I asked Billy Jr. if he felt extra pressure on him to excel. He responded, “Yes, I do feel some extra pressure, however, “I put more pressure on myself, then dad puts on me for sure.” For example, “my dad explained to me that it may take 5 years before I could expect to be consistently competitive.” “I tell myself that since I have my father as my teacher/trainer I am ahead of the curve and I should be consistent by 3 years.” Moyer Jr. appears to feel like most young man who has a father that is successful in his trade, “I just want to make my dad proud,” replied Billy. When asked what he thinks would make his dad proud, he stated, “Win some big race!” With just missing the 2006 Topless 100 feature by one spot, his rookie year. I think one could assume that a win of a “big race” would be somewhere in this young driver’s future.
With the experience gained from working on his dad’s car, Billy can quickly
diagnose and fix many problems that surface in his own car, therefore leaving him more time to concentrate on developing his driving skills. “I know how to work on the cars, now I just have to understand the driving part,” states Billy. Getting a grasp on the driving part I would think comes with seat time, and Billy is ready to do some of that, “I am anxious to start our 2007 season!”
Moyer Jr. and his race team expect to run 60+ races this season with many of those events being at tracks where he will visit for the first time. With a schedule like that it is a good thing that Billy mentioned, “He actually sleeps better in the hauler on the road, than he does at home,” because he and the 21JR team will be racking up the miles in 07.
Moyer Jr. explained that he plans to run some races with the new AMP Arkansas State Series, some Lucas Oil events, the Summer Nationals, and some of his dad’s schedule. Billy is looking forward to having his dad as a teammate again this year when they attend some of the same races. There are definite benefits to having a teammate, “like having someone close by to ask questions and get advice about the cars set-up,” states Moyer Jr.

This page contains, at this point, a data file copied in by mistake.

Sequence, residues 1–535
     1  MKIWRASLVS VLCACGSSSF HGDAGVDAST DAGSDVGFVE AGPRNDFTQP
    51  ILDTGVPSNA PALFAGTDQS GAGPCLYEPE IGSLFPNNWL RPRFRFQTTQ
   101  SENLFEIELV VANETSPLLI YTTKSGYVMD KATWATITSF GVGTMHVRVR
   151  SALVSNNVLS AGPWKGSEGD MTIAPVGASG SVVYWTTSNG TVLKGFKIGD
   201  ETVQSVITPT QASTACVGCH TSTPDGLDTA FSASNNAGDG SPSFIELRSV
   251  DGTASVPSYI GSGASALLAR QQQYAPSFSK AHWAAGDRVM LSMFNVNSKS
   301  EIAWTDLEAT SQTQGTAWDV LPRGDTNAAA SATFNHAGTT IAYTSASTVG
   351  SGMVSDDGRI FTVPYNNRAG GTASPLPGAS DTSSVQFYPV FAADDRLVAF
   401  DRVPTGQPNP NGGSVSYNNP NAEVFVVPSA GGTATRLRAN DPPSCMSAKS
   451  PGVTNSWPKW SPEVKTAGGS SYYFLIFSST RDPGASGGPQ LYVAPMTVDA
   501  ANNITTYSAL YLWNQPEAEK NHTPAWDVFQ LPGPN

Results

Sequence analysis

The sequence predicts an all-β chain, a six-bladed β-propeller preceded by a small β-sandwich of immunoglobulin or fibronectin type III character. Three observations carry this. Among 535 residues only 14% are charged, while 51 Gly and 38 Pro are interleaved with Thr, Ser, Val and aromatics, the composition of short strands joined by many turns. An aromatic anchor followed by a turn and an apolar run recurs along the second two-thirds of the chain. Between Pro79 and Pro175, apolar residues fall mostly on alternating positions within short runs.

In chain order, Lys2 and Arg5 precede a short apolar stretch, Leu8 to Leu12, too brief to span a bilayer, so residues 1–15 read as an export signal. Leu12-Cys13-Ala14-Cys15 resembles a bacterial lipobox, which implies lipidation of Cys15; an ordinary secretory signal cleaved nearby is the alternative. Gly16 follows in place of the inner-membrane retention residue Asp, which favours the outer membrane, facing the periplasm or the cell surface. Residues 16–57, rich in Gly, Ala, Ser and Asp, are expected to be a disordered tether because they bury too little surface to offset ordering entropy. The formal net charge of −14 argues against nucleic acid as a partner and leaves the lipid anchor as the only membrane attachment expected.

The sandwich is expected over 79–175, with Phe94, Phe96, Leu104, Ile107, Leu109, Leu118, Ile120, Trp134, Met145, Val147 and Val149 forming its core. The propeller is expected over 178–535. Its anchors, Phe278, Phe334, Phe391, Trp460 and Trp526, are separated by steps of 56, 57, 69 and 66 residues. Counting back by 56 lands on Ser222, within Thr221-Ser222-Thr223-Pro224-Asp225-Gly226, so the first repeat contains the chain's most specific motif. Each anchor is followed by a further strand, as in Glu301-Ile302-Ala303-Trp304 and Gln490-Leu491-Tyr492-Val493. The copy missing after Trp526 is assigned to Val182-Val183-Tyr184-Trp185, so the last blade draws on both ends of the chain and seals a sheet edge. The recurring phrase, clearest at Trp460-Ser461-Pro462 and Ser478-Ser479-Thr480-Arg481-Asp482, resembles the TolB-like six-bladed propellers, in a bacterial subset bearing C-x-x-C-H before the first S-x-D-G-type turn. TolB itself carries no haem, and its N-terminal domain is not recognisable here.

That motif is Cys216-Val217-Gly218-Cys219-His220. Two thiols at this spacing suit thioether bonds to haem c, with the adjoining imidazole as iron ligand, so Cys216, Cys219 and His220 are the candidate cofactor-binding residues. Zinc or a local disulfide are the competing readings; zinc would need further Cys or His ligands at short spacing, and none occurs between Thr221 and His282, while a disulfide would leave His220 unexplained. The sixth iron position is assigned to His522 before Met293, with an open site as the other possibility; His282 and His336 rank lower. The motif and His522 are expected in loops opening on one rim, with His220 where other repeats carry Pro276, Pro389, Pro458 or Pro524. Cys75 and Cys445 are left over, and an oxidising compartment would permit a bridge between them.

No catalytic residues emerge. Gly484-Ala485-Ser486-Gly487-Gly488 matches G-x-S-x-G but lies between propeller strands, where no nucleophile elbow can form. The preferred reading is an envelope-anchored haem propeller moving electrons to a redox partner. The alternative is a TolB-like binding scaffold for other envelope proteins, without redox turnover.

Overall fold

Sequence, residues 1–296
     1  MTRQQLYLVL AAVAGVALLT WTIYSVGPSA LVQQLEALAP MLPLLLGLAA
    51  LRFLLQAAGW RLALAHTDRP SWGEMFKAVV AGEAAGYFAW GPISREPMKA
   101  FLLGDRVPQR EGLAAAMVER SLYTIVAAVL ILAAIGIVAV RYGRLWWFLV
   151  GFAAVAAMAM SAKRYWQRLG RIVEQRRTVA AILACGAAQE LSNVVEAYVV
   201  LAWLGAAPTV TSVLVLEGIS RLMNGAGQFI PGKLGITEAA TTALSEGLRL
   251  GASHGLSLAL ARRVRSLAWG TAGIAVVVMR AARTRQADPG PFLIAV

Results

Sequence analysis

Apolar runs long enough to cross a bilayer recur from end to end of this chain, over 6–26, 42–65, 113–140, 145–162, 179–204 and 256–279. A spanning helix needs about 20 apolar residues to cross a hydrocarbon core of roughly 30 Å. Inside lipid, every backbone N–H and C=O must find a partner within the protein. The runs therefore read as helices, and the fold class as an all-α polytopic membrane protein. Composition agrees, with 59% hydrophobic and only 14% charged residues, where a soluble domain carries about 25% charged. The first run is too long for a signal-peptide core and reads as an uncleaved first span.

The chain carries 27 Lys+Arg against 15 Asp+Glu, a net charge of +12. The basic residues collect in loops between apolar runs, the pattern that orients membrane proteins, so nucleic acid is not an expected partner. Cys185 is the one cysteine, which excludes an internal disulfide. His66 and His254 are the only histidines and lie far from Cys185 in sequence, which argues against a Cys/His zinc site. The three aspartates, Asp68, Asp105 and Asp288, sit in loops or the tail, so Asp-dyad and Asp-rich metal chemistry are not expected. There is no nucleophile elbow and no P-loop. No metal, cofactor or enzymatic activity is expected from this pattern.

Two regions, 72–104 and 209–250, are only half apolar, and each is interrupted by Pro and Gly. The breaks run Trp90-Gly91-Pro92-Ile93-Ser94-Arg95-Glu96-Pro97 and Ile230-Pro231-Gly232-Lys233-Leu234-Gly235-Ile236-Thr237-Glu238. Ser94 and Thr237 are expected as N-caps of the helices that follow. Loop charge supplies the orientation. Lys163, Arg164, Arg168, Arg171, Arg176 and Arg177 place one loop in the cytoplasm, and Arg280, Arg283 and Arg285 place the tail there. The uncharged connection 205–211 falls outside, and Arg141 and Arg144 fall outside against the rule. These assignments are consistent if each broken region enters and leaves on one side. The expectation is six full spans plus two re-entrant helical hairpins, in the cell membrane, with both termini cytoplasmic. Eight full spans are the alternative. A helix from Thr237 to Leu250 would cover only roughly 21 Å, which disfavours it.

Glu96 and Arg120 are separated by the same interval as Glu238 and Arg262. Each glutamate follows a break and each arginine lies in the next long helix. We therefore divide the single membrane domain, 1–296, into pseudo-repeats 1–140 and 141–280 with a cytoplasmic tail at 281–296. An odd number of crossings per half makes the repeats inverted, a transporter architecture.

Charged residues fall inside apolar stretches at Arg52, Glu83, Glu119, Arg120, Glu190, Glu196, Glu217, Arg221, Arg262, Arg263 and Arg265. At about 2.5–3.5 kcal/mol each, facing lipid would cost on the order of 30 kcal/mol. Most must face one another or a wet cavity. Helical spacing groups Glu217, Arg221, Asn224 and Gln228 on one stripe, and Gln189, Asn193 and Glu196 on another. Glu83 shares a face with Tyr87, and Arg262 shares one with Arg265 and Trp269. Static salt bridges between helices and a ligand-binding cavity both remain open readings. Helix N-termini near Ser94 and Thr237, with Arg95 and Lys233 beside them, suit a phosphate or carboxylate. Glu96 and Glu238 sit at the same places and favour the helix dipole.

His father isn’t the only teammate that Billy has helping him. His off the track teammate is his mother Joyce. His mom has a significant role in the family business. “First of all she takes care of us!” “She washes our race suits and has them ready on race day, and travels to most of the races where she sells our t-shirts.” Like many modern day race teams it takes the support and help of the whole family to get everything done. “I don’t really think people realize that it takes a lot of hard work and at times can be a demanding job to operate a full time race team,” shares Billy.
He has seen some of that hard work first hand as being part of his dad’s racing team. It is the hard work of his father and the rest of the BMR team that contributes to this young mans understanding and respect for the opportunity he has been given. With great opportunity comes great responsibility, and after visiting with “Kid Smooth” I have determined that he has the same work ethic as his father, and is willing to put in the hours that it will take to get the job done.
His respect for his father’s hard work and his determination to continue in his footsteps, more than likely makes his father very proud, and what ever success this driver has; and I have no doubt success is knocking on his door, may very well be considered “icing on the cake.”